The average American donated $574 to charity in 2021. For nonprofits, their goal is to earn support from these people looking to do good.
Whether they’re looking for financial support to continue their services, need volunteers, or are trying to grow awareness for their cause, nonprofits need to fight to get their message out to the public.
This is where nonprofit public relations comes in — public relations is the process of managing an organization’s public image through outreach efforts, such as:
- Writing and distributing press releases
- Speech writing
- Writing pitches or articles for journalists
- Hosting special events
- Conducting market research
- Crisis management
- Social media promotion
By strategically disseminating information, PR agencies are able to build a nonprofit’s image, increase fundraising, and grow awareness.
Hoping to invest in public relations for your nonprofit? Check out Clutch’s list of leading PR agencies.
Goals of Nonprofit PR
Raising awareness for their cause is a top priority for nonprofits. While some nonprofit organizations are extremely recognizable — such as the Salvation Army and Habitat for Humanity — smaller charities in particular need to gain more attention in order to earn donations and grow their foundation.
Public relations efforts can help nonprofits convey their messages and discuss the services or solutions they provide.
The more often that a nonprofit’s name appears in the media, the more recognizable it will become. With increased visibility, the organization’s brand name recognition will grow, generating more awareness and donations.
For instance, many nonprofits and PR professionals reach out to local news sources to spread information about their mission.
The Claire Marie Foundation, is a nonprofit that is dedicated to stopping adolescent and young adult melanoma through awareness, prevention programs, and education.
As part of their prevention program, the Claire Marie Foundation provides regular free skin screenings. Unfortunately, they were forced to pause their services during the COVID-19 pandemic.
Source: Claire Marie Foundation
When they were finally able to resume their screenings, Co-Founder, President, and CEO, Marianne Banister, spoke to Baltimore’s NBC affiliate to boost awareness of their services as well as the threats of melanoma in young people.
During the pandemic, screenings came to a halt, resulting in an increase in melanoma cases amongst people ages 13-29. To combat this, the Claire Marie Foundation hosted two days of free clinics in six locations.
In working with the press, they’re able to spread their message and boost participation in their life-saving programs.
Nonprofit organizations rely on donations and fundraising events in order to generate financial support for their cause. Without them, it would be difficult to continue their mission.
PR efforts can help nonprofits generate awareness for fundraising events and encourage donors to get involved.
For example, BARCS, a Baltimore-based animal rescue and shelter hosts BARCtoberfest every fall to raise money for homeless animals. The event includes a 5k Run/1 Mile walk, a Halloween pet costume contest, trick-or-treating, and a beer garden. People simply need to raise $50 through crowdfunding or pay out of pocket to participate.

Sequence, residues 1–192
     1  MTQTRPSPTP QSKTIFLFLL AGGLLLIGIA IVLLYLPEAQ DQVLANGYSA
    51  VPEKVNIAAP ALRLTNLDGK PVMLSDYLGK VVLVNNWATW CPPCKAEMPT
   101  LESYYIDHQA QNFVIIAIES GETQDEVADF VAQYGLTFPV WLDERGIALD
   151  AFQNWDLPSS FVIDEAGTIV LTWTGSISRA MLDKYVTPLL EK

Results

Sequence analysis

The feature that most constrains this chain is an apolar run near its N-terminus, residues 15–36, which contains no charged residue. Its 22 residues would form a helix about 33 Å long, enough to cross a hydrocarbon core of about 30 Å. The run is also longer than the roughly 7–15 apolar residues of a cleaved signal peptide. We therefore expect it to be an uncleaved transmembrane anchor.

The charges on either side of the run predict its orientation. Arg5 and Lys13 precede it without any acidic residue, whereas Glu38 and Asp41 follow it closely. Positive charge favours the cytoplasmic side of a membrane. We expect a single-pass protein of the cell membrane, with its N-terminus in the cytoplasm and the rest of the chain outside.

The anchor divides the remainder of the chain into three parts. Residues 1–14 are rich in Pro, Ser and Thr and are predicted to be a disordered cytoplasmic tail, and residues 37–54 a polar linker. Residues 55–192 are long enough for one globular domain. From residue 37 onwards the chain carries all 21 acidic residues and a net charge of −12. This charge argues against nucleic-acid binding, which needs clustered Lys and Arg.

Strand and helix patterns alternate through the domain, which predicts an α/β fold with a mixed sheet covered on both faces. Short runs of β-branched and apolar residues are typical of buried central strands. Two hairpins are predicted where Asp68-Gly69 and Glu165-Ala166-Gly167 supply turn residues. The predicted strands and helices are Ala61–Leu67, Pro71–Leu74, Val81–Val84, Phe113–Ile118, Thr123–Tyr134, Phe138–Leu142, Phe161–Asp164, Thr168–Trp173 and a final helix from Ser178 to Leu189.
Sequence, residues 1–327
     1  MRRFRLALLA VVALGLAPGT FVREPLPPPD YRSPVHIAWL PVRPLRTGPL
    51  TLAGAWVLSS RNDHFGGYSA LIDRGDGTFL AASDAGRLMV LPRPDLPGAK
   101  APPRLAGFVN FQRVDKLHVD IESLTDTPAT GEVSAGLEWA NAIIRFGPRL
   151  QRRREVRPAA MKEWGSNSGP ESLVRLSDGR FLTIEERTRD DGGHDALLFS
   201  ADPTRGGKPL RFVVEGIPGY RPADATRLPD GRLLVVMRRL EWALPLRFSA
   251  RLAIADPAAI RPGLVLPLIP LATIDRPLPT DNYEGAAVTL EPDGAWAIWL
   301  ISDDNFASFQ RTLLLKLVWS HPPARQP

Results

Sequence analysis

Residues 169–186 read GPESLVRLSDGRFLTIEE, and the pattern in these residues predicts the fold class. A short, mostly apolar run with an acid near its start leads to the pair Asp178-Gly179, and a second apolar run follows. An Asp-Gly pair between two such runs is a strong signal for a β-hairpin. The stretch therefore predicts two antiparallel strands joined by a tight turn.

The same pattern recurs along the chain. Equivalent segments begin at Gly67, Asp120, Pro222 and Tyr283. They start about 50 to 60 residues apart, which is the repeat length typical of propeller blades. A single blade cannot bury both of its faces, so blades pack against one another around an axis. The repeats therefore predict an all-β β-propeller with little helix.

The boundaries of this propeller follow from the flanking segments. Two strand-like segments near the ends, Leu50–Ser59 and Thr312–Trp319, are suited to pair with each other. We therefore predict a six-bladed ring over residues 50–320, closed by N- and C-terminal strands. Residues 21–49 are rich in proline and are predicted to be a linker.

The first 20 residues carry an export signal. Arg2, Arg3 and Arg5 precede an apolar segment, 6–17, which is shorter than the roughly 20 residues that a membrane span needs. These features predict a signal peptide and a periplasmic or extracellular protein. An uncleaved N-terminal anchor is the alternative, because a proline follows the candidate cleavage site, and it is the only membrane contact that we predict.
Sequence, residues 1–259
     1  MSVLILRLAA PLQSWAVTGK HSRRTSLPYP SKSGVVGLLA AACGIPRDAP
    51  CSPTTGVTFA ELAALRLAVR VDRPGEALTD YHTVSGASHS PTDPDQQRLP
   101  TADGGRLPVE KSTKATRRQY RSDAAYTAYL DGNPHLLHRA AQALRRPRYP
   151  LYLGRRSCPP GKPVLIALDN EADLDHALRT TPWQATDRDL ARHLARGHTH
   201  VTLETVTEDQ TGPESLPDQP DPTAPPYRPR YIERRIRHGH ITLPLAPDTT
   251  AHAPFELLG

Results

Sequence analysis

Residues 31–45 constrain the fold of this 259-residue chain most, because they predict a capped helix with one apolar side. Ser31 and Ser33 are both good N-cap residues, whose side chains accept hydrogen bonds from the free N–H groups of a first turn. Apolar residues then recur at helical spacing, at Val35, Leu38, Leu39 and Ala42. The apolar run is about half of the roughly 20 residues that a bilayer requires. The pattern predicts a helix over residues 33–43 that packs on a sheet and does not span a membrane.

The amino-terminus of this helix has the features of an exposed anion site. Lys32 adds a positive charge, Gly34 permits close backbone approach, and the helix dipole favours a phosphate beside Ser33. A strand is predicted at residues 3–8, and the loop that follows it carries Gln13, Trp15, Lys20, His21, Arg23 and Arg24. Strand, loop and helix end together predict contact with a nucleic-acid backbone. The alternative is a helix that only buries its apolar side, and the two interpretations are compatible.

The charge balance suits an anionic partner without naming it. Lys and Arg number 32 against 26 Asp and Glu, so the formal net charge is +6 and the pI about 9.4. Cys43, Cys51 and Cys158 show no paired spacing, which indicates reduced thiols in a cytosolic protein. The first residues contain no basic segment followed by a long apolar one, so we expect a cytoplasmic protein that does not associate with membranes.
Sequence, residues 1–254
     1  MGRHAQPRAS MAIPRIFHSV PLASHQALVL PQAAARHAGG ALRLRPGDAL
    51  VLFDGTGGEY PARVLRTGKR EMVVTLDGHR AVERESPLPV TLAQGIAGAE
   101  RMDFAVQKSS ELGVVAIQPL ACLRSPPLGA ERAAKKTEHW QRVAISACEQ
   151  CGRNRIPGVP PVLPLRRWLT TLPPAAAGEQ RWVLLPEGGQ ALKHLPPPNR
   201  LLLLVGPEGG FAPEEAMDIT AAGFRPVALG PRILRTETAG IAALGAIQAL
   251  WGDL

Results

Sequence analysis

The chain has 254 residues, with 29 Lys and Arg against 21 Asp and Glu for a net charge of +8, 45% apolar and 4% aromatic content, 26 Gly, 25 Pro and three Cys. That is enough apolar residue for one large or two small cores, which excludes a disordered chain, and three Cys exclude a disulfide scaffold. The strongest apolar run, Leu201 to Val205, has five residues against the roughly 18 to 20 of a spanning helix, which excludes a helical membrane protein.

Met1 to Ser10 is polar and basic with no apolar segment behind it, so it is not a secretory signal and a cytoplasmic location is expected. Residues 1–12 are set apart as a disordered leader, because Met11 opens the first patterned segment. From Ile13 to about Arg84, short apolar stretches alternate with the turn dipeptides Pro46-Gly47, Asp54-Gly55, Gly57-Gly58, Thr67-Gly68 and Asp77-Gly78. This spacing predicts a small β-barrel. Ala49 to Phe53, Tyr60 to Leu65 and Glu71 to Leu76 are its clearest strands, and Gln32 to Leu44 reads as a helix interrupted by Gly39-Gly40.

This year, BARCS hopes to raise $350,000, or 10% of their annual operating budget, through this event.
To get the word out about the event and generate some excitement, they launched a publicity campaign. So far, the event has been featured on CBS, BARCS’ social media platforms, and on their website. They’ve also been able to drum up several local sponsors, including the Baltimore Ravens.
As a result, they’re already receiving donations and gathering registrations. With a great PR strategy in place, the event is sure to go off without a hitch.
Image is everything for nonprofit organizations. While public relations efforts usually focus on providing transparency and managing the organization’s brand, organizations occasionally need support bolstering their image.
For example, when a nonprofit organization finds themselves in hot water, they may need support with crisis communications, which can be defined as the strategic dissemination of information to address a crisis situation.
As one of the largest breast cancer organizations in the US, Susan G. Komen for the Cure Foundation is familiar with the controversy and the importance of a good PR strategy.
In 2012, Komen pulled grants for life-saving breast-cancer screenings for low-income women at Planned Parenthood. While they didn’t announce the decision publicly, it became well-known thanks in part to social media. Immediately, they received backlash from both Komen supporters and abortion rights advocates.
Planned Parenthood responded with a press release stating that they were disturbed and disappointed by the announcement, but they were starting a new fundraising campaign to support Breast Health Services. Thanks to their PR campaign, they were able to make up some of the funding they had suddenly lost.
The Susan G. Komen Foundation, however, continued to stumble. Former board member, Eve Ellis, said that she believed that the cut was politically motivated, and because of this decision, no longer trusted the Komen organization.
Within a few days, they backtracked and announced that they were reinstating funding for Planned Parenthood and the CEO was stepping down.
However, the damage was done. Without a well-planned PR response, The Susan G. Komen Foundation was still reeling a year later. Donations dropped significantly, impacting the organization’s operations.
On top of that, more scrutiny began to fall on the organization. It was revealed that the CEO made over half a million dollars annually and the organization only gave about 15% of its donations on research awards to fund studies.
Many also began to criticize how Susan G. Komen sent cease and desist letters to small nonprofit organizations that use “for the cure” in their campaigns.